Egyptian ‘Farewell Intercourse Law’ is not real

Museum of Hoaxes debunks a highly circulated story.

Controversy over Egyptian ‘Farewell Intercourse Law’.

Late last week a strange story emerged alleging that Egypt’s parliament was considering a ‘Farewell Intercourse Law’ to make it legal for Egyptian husbands to have sex with their dead wives for up to six hours after death.

Naturally a lot of news orgs ran the story without bothering to do any kind of fact-checking. Then they had to backpedal after it became apparent there wasn’t any kind of truth to the report.

TheAmericanMuslim.org tried to find the source of the story and traced it to a fringe Moroccan sheikh, Zamzami Abdelbari, who suggested (a while ago) that Islam might allow the practice. This recently inspired an Egyptian talk-show host to mention the idea. Then a pro-Mubarak columnist for Al-Ahram picked up on it, claiming it was an actual law that was being considered by the Islamist parliament.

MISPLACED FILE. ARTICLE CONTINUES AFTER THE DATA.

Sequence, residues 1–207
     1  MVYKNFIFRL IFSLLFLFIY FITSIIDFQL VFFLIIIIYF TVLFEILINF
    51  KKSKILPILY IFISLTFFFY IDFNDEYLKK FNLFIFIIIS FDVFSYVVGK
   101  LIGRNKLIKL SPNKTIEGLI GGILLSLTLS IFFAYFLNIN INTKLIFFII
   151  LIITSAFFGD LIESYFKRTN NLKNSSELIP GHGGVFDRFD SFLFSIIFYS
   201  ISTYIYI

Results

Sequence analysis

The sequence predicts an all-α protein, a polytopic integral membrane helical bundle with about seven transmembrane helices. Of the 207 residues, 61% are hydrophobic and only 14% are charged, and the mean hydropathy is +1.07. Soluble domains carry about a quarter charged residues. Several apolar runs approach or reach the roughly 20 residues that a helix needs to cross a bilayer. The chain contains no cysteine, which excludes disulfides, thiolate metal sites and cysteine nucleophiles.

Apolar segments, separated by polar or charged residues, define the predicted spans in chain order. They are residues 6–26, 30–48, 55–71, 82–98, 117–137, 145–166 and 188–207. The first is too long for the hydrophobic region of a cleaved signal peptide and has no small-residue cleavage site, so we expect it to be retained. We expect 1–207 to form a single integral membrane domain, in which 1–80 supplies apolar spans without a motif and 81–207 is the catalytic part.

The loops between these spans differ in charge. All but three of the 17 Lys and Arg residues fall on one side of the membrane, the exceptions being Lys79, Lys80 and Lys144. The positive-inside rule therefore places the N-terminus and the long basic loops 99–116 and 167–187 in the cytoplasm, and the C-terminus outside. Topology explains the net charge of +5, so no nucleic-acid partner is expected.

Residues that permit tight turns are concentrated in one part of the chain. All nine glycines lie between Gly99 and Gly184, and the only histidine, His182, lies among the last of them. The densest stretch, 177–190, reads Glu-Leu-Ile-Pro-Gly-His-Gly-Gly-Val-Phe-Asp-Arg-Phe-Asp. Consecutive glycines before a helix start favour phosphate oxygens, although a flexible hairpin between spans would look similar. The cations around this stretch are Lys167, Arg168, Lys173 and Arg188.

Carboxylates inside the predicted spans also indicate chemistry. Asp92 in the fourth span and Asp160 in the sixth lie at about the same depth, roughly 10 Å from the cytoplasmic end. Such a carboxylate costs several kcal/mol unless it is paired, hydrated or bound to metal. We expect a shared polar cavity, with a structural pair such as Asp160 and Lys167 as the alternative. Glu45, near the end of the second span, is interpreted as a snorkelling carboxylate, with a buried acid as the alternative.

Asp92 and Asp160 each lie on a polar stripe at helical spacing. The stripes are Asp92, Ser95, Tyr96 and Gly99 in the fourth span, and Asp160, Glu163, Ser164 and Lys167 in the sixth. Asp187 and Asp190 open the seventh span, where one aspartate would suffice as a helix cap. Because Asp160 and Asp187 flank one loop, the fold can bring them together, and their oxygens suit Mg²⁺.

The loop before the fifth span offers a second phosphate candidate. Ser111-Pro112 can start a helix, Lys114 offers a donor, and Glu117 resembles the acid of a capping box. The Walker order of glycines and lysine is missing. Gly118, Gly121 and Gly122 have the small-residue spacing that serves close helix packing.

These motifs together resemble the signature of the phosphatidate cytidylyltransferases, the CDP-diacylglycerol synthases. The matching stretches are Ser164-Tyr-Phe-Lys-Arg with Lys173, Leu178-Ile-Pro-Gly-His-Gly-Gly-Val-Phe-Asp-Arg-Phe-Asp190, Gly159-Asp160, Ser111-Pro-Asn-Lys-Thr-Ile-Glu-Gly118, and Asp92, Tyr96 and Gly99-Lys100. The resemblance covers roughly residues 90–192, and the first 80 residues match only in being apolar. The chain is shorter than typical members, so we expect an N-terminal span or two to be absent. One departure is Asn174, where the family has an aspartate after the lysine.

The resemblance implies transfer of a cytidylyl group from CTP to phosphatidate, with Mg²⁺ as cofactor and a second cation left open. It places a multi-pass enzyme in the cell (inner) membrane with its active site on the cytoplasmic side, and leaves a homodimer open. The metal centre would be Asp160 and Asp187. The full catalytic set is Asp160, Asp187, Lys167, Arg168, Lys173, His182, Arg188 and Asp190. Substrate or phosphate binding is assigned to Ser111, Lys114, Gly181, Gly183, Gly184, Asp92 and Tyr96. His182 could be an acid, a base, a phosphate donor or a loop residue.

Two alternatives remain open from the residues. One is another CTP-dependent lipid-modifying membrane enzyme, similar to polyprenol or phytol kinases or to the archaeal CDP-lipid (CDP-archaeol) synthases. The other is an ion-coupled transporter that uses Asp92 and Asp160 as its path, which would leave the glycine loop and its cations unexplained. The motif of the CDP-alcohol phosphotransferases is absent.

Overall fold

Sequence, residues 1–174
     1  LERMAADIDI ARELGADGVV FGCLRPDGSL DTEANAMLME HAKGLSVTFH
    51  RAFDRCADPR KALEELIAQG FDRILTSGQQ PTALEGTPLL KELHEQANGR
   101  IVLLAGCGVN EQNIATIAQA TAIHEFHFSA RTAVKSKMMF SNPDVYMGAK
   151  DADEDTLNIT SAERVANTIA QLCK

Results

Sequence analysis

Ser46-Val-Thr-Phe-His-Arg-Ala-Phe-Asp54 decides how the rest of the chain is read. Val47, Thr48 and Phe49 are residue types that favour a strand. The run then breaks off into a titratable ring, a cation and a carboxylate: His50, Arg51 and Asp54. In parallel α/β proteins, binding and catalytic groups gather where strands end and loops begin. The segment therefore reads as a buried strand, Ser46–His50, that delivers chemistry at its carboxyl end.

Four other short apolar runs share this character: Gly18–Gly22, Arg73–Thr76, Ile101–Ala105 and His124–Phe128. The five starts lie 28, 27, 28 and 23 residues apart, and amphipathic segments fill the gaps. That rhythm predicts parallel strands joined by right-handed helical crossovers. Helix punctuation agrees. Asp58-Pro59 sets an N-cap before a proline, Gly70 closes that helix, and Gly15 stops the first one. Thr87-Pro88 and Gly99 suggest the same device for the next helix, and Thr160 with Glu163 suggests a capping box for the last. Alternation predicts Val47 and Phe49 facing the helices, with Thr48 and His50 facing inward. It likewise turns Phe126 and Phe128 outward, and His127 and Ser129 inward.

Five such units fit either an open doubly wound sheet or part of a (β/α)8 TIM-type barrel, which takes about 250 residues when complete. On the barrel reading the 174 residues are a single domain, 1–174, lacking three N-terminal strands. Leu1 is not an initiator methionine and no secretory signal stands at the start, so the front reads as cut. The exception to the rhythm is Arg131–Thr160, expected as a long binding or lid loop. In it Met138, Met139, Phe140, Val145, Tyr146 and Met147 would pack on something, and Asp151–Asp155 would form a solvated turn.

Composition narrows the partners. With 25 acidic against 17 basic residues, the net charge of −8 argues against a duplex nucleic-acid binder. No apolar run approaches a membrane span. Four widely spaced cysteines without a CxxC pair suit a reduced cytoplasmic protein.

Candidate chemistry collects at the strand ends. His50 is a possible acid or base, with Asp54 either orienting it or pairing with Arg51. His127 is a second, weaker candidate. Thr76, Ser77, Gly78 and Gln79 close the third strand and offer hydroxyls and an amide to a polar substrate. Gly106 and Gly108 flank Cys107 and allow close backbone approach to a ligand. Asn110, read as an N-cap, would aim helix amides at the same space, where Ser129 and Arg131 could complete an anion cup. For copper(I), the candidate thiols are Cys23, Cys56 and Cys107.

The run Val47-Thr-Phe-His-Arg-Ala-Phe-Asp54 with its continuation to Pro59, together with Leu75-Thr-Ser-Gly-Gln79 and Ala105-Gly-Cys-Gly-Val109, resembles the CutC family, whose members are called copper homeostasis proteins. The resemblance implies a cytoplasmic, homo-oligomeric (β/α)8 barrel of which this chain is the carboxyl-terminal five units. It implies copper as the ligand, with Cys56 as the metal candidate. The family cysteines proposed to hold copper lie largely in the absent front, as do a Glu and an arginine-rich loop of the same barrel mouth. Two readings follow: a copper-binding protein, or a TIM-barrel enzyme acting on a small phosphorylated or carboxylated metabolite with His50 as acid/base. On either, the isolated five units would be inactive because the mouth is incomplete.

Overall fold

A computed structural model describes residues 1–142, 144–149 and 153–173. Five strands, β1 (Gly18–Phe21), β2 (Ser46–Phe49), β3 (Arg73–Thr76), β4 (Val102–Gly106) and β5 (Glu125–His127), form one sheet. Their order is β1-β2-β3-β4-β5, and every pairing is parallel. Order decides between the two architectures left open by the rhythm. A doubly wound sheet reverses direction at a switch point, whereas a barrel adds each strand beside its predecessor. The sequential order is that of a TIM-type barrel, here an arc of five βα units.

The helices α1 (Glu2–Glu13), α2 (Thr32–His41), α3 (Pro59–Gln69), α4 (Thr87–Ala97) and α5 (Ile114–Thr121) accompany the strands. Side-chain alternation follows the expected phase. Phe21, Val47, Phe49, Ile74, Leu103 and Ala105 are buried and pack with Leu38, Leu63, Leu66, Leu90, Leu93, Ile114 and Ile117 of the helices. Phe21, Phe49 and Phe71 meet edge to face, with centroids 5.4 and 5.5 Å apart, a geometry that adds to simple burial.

Credit: @hoaxmuseum via Twitter

Turned out this law is not real and was never actually suggested to the Egyptian Parliament but so many places reported on it and people shared it as being a real thing, it become an international outrage story.

Huffington Post reported on it as being legitimate.

But THIS STORY seems to be where the whole thing originated.

Did collective prejudices about radical Islam cause this to go unchecked? The same thing happens for other religions as well. Remember, news stories play to our emotions and assumptions very well. Don’t always trust them. Be critical, even of the news.

  1 comment for “Egyptian ‘Farewell Intercourse Law’ is not real

  1. Tim
    May 15, 2012 at 4:03 PM

    Despite its liberal reputation, the Huffington Post’s reader community is vocally intolerant not only of Islam but religion in general. But especially Islam.

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